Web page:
The prevailing theory of the firm demonstrates that ownership by dispensable, outside parties is inefficient relative to ownership by productive agents. To better understand observed patterns of ownership, this paper analyzes markets for ownership, demonstrating that outside parties will often become asset owners. Outside parties only earn rents from ownership whereas productive agents can earn rents even as non-owners. Given that their contribution is complementary with other productive agents this mutes their willingness to pay for ownership relative to outsiders. The main conclusion is that the nature of ownership markets stands alongside incentives as an important predictor of firm boundaries.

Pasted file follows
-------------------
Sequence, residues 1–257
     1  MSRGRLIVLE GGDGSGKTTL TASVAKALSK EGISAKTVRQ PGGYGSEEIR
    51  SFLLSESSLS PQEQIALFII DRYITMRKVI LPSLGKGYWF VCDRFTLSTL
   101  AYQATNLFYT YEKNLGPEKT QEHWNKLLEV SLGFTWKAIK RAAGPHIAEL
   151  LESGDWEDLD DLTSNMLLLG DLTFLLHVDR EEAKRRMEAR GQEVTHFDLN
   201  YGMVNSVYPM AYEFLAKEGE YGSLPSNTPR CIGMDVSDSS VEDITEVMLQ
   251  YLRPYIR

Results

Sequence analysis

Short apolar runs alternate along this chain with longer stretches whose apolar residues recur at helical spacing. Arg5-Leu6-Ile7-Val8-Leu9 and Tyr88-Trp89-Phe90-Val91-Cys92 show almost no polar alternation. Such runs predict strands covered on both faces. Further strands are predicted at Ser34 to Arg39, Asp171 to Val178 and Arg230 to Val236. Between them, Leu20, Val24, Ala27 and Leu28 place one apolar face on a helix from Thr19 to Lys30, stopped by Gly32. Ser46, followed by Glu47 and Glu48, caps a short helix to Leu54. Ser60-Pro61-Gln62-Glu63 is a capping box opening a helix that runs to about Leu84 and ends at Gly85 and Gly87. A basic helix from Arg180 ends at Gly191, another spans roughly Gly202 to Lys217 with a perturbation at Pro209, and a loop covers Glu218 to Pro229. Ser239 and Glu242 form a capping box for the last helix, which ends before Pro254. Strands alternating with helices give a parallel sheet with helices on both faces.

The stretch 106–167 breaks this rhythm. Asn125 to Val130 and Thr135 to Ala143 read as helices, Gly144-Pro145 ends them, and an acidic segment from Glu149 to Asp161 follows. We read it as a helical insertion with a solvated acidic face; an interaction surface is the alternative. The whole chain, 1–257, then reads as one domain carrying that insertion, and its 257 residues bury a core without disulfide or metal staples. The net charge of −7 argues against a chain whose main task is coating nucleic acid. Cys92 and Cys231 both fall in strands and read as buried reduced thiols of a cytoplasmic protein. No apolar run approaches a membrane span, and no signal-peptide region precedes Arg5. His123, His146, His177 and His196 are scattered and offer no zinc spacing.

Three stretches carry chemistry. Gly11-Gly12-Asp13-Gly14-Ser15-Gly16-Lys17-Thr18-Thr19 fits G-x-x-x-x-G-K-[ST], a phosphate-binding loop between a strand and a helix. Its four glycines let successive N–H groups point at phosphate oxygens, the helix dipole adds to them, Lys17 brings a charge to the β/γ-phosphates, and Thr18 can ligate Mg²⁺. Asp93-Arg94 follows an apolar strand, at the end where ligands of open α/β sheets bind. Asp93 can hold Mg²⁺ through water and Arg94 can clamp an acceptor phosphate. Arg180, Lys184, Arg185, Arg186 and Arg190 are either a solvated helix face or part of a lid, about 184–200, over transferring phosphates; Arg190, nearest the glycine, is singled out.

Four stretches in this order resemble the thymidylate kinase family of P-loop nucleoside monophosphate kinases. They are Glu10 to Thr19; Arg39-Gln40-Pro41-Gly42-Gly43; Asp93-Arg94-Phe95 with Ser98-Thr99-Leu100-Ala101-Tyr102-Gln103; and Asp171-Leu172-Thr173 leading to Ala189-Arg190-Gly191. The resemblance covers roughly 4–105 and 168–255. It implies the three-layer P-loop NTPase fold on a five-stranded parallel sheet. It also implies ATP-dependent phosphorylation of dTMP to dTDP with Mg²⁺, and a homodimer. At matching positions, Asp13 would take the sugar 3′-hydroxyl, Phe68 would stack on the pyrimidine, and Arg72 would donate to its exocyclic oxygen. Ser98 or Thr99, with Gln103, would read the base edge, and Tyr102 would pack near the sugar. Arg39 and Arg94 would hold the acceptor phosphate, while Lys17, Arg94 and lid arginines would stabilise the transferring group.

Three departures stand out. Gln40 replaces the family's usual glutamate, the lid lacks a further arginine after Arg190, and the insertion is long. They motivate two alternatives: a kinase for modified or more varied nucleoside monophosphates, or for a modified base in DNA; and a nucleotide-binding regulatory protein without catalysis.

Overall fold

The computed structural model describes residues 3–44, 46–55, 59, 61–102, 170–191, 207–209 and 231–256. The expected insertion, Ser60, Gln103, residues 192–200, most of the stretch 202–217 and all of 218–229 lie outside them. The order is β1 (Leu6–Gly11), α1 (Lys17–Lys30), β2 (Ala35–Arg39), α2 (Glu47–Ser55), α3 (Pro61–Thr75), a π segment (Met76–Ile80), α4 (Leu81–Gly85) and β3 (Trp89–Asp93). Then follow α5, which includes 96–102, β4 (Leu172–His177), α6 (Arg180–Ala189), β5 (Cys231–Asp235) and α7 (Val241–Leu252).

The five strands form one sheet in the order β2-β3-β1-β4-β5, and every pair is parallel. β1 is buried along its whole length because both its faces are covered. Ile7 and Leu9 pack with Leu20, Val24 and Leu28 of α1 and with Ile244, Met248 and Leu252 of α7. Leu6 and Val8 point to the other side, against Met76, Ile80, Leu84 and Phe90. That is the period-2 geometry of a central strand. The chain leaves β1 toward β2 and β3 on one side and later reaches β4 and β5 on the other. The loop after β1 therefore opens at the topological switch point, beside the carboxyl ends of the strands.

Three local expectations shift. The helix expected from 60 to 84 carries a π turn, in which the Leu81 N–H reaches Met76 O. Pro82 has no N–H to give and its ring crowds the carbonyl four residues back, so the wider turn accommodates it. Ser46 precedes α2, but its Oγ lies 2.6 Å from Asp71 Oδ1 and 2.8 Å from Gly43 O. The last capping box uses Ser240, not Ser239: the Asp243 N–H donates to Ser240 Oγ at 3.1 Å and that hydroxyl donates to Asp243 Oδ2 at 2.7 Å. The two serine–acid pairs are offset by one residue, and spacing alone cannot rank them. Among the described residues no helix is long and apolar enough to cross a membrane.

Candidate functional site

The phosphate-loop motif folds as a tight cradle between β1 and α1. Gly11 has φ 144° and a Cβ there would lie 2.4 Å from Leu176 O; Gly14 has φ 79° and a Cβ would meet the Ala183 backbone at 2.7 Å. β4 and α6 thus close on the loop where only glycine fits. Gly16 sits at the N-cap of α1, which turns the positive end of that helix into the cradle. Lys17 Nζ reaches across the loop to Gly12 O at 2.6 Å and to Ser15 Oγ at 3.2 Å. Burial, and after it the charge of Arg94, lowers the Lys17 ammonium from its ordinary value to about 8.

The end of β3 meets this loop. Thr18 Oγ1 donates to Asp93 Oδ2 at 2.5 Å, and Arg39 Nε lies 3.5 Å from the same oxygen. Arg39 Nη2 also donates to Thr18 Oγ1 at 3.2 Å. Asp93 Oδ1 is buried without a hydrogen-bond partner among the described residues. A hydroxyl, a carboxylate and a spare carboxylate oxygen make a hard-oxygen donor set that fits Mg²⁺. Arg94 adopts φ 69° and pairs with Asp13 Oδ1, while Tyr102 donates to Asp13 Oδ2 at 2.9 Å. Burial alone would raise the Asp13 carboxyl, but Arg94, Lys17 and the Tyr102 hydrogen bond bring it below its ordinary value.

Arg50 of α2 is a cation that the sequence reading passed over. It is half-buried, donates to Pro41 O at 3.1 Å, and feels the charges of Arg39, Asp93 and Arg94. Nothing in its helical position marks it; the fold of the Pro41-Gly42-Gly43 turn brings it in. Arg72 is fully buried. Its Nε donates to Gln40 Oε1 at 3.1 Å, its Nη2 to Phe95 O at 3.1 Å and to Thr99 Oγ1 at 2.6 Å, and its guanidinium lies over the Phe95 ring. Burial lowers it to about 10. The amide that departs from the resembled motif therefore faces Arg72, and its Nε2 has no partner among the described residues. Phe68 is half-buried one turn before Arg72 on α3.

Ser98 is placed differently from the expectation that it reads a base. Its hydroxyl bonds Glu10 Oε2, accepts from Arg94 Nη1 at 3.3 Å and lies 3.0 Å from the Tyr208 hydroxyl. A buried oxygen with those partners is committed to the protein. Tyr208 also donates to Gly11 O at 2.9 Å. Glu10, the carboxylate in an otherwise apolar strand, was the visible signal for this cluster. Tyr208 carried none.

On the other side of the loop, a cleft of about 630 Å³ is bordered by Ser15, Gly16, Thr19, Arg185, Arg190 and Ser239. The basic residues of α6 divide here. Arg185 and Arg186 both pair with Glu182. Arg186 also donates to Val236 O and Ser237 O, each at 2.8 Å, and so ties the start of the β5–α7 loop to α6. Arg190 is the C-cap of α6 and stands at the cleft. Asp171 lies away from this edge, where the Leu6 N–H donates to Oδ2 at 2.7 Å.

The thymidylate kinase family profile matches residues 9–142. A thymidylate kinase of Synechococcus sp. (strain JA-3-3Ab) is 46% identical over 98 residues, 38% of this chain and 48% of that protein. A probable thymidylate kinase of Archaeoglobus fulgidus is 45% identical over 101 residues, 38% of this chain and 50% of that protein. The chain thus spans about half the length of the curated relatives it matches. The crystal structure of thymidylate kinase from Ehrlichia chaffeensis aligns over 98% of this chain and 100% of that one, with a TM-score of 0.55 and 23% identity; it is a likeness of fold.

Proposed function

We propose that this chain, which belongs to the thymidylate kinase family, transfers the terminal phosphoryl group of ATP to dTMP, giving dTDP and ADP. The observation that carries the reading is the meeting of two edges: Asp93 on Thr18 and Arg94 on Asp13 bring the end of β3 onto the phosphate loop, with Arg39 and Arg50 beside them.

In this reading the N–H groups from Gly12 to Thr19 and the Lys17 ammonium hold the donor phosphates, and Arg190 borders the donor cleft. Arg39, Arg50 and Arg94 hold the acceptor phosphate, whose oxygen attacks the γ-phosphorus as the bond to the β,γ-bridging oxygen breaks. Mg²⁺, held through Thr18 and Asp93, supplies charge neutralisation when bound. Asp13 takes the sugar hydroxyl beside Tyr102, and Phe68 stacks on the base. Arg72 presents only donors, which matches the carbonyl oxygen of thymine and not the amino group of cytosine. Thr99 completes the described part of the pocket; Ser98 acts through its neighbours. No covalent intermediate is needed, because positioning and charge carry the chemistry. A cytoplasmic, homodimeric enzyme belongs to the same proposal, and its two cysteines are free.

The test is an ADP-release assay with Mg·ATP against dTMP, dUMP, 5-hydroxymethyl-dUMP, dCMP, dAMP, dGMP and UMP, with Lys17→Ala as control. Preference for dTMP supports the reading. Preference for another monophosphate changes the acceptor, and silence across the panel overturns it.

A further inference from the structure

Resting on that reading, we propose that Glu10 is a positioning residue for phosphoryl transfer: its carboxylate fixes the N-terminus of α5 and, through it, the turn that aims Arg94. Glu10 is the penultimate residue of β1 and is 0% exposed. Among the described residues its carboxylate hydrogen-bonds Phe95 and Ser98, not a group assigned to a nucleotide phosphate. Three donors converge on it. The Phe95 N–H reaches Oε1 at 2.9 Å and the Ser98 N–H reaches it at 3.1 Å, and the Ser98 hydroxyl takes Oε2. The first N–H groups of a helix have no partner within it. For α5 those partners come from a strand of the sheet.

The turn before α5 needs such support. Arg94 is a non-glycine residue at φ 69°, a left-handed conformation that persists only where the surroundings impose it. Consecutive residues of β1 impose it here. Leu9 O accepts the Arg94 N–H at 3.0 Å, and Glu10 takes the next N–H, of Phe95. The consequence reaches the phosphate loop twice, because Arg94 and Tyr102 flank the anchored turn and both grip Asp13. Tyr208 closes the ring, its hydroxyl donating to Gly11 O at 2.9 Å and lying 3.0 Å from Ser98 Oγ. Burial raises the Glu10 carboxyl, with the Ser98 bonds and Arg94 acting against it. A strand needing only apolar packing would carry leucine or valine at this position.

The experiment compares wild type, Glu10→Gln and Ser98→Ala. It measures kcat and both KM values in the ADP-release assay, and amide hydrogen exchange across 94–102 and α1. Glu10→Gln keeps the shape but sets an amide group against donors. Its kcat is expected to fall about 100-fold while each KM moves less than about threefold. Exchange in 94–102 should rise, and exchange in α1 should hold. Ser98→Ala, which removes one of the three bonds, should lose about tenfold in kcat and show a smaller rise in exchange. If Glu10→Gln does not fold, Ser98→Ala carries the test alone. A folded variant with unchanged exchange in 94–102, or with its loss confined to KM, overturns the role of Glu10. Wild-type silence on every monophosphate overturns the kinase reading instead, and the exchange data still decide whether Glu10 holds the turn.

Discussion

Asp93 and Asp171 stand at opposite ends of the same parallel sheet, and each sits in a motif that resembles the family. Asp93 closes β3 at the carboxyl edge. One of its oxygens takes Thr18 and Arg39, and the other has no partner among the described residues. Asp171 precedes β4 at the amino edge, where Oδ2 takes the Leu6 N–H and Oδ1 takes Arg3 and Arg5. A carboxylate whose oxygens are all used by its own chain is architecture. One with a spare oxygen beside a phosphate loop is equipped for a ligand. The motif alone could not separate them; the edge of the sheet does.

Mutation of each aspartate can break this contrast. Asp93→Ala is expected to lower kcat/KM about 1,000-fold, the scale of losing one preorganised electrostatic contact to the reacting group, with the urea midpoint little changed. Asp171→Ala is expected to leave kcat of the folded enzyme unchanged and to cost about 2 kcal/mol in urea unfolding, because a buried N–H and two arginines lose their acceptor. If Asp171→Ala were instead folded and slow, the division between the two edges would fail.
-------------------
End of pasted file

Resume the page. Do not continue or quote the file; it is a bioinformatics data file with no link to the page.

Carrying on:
- outside parties,
- firm boundaries,
- incomplete contracts,
Available at: http://works.bepress.com/joshuagans/7/